When I'm excited about something, I do what any normal person would do: I research the hell out of it.
Wait. That's not what any normal person would do, you say?
Fine. I do what any true nerd would do, and research the topic to the extreme. As a result, I now know more (in theory) about chicken husbandry than I could ever have even imagined a few weeks ago. I would share my newly acquired knowledge with you, but I sense that perhaps we do not quite share the same level of enthusiasm.
The thing about this type of (obsessive, compulsive, endless) research is that you are likely to find pretty useless (the occasionally amusing) bits of information in amongst all of the photographs, fun writing, and interesting information.
My favourite bit of ridiculousness came from the book Chickens: Tending a small-scale flock for pleasure and profit.
chicken diaper. This is not to be overlooked or under-appreciated.
At this time, I would like to share some of the helpful hints Sue Weaver gives us on Incubation Troubleshooting.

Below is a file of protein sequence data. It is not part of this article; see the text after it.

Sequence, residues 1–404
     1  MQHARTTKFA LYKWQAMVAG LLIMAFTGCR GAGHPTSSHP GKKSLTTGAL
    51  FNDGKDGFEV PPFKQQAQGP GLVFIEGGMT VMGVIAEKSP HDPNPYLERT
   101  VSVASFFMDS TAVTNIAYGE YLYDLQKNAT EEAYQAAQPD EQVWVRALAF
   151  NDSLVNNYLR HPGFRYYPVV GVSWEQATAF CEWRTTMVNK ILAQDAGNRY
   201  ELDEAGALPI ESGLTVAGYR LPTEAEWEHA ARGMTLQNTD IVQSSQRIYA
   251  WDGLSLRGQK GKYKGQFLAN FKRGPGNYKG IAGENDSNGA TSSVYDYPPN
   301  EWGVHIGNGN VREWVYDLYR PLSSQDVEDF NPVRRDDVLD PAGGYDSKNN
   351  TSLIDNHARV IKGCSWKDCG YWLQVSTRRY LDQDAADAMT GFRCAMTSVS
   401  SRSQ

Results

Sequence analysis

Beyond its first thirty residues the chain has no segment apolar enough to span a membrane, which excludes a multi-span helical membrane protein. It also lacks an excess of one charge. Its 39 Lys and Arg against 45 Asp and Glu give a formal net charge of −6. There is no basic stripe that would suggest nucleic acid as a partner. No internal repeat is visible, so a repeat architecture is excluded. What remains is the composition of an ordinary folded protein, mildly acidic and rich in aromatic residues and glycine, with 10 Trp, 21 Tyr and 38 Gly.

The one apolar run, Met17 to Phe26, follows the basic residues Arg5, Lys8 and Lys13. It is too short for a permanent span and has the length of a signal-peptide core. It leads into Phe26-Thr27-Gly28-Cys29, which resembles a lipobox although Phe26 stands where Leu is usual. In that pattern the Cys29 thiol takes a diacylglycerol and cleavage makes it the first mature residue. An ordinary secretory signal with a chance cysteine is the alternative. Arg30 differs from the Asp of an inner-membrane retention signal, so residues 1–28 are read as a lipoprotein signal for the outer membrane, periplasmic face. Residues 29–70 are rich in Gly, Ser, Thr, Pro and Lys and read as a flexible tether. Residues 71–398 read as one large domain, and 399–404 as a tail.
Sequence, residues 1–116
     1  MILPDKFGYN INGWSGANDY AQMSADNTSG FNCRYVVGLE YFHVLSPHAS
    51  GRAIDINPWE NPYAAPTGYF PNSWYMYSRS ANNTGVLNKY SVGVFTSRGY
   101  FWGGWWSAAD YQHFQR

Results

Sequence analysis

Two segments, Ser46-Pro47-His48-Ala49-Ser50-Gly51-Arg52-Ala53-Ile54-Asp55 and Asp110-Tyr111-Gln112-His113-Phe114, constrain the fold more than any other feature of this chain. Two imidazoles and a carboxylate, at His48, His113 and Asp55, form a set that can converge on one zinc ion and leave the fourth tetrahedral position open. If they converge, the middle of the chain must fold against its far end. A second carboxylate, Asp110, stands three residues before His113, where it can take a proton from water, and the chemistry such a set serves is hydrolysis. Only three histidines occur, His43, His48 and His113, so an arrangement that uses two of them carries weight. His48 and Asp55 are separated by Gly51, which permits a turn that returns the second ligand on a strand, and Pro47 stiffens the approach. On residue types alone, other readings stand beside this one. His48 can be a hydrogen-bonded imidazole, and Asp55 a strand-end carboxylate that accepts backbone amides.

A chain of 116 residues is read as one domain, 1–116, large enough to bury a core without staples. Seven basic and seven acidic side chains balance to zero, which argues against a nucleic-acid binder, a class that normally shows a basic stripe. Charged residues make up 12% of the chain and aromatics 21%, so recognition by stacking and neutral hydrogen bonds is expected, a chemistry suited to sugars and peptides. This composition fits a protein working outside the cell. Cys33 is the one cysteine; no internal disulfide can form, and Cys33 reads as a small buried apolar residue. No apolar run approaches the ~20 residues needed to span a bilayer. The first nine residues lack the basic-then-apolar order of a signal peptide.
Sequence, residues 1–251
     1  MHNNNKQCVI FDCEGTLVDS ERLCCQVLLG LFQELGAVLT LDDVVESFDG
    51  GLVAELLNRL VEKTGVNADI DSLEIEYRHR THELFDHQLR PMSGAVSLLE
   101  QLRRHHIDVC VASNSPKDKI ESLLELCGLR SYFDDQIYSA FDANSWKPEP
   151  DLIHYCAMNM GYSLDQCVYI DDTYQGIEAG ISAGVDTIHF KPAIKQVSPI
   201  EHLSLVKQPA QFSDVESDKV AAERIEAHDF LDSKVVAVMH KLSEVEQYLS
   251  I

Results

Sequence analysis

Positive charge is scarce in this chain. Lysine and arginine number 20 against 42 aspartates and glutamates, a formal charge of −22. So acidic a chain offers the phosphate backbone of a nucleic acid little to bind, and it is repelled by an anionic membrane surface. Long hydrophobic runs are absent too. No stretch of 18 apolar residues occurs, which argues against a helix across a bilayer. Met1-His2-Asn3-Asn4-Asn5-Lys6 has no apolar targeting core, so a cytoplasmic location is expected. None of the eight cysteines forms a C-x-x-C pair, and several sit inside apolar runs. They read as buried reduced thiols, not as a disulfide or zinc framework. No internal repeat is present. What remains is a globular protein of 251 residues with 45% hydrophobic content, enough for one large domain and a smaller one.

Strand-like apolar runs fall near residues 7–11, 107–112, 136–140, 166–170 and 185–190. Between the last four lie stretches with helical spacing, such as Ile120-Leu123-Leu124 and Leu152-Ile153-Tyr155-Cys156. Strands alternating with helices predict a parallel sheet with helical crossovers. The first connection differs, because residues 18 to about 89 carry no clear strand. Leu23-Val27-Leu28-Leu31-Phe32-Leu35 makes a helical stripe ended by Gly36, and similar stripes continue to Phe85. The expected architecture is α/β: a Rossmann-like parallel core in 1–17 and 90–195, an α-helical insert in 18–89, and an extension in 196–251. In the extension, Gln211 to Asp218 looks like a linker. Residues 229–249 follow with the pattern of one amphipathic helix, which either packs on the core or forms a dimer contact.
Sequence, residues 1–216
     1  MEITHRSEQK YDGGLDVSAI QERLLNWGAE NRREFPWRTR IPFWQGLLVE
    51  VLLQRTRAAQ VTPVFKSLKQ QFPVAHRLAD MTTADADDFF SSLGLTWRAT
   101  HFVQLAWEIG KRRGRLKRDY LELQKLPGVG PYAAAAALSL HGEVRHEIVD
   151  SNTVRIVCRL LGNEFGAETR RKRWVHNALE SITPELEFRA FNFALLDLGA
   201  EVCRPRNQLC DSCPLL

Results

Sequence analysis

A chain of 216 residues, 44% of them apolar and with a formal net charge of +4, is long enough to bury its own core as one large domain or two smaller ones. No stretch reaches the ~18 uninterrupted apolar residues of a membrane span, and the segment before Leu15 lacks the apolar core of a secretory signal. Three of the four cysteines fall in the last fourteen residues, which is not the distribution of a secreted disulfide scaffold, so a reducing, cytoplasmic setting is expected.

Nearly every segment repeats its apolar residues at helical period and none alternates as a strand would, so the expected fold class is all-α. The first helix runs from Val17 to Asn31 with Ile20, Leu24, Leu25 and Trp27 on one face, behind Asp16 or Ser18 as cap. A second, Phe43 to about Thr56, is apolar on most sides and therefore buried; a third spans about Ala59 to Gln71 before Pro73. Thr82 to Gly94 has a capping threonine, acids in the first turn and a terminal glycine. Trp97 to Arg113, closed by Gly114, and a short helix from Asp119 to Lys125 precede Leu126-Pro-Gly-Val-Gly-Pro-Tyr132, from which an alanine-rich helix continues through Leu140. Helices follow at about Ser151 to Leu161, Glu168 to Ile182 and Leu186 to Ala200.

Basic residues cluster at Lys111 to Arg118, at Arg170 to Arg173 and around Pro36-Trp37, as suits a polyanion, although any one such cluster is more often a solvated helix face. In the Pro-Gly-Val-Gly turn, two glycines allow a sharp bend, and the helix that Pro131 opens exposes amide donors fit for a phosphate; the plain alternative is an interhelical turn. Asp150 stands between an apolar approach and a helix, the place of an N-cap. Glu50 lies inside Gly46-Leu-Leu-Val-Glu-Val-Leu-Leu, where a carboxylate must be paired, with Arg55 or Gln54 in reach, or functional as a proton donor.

Problem: No embryonic development
Possible cause: Not enough roosters
What to do: Add more roosters
Possible cause: Aged roosters
What to do: Add younger roosters
Possible cause: Eggs stored too long or incorrectly
What to do: Correct improper storage methods
The advice table continues along this vein, and I find it increasingly hilarious.
I'm not sure how I'm going to use this in other areas of my life, but I am absolutely determined to incorporate it.
"Is your problem 'Not enough roosters'? Then add more damn roosters!"
There's a metaphor in there somewhere.